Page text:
Tied with Saudi Arabia, Panama has the longest odds to win the World Cup final at 1000 to 1, and that alone should rouse undying support. That, and the fact that this is the country’s first qualification ever. Their president declared a national holiday last October after it happened.
Panama are the prototypical “happy to be here” team which has virtually no chance to do any damage past the group stage, but the idea of that happening is intoxicating. Imagine a scenario in which Panama make a run similar to what Senegal did in 2002. That Senegal team was also making its first World Cup appearance, and they defeated France and Sweden on their way to making the quarterfinals.
Panama are in a group with Belgium and England, two countries with top-1o odds to win the whole thing. But it’s not like they don’t have experience. Forward Luis Tejada has scored 43 goals in his 105 appearances for the Central American country, and coach Hernan Dario Gomez has led two other teams — Colombia and Ecuador — into the World Cup before.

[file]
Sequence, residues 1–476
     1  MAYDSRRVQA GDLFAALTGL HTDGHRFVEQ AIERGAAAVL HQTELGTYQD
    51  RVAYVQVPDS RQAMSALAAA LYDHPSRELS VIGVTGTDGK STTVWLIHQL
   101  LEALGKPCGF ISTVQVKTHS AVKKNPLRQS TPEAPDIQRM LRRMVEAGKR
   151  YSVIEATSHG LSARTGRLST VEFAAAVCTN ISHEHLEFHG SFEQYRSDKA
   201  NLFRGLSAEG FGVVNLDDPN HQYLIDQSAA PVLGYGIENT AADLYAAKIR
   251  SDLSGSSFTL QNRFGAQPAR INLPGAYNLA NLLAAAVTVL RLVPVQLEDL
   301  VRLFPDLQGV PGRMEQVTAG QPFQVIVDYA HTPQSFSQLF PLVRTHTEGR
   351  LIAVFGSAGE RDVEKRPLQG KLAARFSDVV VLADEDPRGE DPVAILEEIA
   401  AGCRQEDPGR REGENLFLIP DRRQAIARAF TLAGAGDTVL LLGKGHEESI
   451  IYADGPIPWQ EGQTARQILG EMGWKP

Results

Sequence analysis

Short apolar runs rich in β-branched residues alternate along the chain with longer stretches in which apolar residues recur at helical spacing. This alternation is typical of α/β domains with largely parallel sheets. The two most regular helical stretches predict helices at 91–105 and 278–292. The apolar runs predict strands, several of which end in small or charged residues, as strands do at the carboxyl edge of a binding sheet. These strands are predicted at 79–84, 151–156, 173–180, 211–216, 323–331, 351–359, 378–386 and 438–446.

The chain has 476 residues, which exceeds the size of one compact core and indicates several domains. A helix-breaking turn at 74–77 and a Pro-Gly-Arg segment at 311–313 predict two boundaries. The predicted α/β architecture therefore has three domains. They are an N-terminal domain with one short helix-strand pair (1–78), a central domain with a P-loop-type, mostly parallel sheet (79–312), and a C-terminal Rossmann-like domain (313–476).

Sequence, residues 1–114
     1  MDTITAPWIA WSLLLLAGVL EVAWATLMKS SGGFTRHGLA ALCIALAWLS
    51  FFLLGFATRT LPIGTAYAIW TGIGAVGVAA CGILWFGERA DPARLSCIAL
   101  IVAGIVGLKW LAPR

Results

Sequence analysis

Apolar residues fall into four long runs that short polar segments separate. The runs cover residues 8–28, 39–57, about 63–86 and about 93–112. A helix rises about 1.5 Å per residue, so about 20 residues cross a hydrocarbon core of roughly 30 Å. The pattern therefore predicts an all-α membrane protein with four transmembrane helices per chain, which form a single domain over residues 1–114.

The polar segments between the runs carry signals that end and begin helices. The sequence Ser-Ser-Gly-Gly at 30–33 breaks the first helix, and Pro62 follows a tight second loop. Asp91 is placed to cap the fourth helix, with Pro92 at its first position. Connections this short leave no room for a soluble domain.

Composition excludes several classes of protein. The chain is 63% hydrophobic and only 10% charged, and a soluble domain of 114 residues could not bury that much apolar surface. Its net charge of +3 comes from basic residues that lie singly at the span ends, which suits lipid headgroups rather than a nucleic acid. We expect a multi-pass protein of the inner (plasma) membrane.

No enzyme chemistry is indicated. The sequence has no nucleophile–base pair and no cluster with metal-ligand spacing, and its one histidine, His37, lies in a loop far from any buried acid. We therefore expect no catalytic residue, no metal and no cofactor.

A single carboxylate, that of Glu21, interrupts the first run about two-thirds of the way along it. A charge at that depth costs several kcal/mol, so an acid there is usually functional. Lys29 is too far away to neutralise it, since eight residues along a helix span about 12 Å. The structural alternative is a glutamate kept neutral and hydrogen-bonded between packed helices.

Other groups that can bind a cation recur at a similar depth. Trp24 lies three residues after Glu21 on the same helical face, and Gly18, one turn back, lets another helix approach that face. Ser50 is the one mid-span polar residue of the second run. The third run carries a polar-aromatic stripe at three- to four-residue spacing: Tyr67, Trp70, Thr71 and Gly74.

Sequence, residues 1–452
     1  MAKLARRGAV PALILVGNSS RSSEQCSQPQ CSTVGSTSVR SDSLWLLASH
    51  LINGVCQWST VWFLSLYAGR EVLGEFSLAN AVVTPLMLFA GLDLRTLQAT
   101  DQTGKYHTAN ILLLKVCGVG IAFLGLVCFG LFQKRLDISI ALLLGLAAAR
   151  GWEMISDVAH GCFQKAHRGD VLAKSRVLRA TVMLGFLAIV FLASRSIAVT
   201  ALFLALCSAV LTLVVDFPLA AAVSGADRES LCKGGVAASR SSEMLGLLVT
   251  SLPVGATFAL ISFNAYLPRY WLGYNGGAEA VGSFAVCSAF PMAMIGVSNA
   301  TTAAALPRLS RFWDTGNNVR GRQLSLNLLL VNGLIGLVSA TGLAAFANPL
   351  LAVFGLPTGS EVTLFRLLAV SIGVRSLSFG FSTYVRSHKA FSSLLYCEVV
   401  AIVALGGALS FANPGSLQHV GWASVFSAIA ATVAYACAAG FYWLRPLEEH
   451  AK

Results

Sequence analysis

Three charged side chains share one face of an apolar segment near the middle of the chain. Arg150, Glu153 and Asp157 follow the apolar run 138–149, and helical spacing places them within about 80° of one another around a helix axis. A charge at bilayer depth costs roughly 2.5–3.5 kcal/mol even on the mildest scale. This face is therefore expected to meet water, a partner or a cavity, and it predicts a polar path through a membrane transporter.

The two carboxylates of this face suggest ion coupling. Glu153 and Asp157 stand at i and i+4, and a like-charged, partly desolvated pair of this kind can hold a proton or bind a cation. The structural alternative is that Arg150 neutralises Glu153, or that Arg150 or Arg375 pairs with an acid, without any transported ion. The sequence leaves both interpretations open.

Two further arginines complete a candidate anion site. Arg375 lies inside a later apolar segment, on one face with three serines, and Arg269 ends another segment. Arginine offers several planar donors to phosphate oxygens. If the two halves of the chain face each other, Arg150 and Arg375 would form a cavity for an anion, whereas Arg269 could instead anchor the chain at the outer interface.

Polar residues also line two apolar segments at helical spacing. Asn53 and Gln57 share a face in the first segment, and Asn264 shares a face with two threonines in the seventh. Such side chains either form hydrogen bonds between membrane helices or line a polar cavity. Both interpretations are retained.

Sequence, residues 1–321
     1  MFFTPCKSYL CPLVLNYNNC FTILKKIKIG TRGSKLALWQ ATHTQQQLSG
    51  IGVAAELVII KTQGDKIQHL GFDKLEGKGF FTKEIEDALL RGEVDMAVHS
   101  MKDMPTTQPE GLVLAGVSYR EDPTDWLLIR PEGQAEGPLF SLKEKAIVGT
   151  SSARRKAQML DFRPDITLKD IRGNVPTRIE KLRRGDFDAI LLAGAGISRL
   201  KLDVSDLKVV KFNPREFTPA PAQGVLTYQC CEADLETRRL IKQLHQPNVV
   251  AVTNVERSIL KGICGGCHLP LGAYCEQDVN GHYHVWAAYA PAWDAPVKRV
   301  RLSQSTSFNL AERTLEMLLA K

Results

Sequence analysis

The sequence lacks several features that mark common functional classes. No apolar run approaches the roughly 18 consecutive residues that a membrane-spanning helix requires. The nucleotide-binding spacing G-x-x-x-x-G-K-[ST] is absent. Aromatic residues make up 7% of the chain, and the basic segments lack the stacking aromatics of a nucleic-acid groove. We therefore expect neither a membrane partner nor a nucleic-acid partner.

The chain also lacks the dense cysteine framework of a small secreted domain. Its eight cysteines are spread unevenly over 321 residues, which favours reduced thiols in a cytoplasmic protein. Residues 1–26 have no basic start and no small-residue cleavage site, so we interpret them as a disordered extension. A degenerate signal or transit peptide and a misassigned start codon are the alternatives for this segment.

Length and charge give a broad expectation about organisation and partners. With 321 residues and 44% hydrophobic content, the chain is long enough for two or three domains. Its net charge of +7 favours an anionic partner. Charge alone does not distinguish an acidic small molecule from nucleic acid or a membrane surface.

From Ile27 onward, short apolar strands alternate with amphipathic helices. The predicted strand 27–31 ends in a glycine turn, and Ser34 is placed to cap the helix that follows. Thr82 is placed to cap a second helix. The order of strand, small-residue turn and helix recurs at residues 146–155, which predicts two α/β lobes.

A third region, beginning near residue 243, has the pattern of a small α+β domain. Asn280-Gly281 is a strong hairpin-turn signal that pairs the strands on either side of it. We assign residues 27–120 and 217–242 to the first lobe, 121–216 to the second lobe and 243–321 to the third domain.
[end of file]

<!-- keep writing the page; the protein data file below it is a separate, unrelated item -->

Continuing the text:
The qualification has brought profound pride and meaning to Panama as the nation has come to a standstill to watch these matches. A swift exit is the most likely outcome, but enjoy this delightful story while it lasts.
Of the five teams listed here, Croatia are the one with the best odds to win at 28/1. Whereas Iceland and Panama are unlikely to play more than three matches in Russia, Croatia represent the group’s best chance to make noise past the group stage.
Croatia are a quality football team, ranked 18th in the world with four World Cup appearances since 1998. They’re led by captain Luka Modric, a midfielder for Real Madrid heavily regarded as one of the best disseminators in the world. He’s backed up by great players like forward Mario Mandzukic and midfielder Ivan Rakitić.
While still an underdog when compared to countries like Brazil and Germany, Croatia are by no means worth snubbing. But their play in the qualifying games was suspect as they lost to Iceland and Turkey last year and fell to Peru earlier this year. Croatia have the pieces to make a run into the later rounds of the bracket — it’s just about individual players meshing together in a formidable way.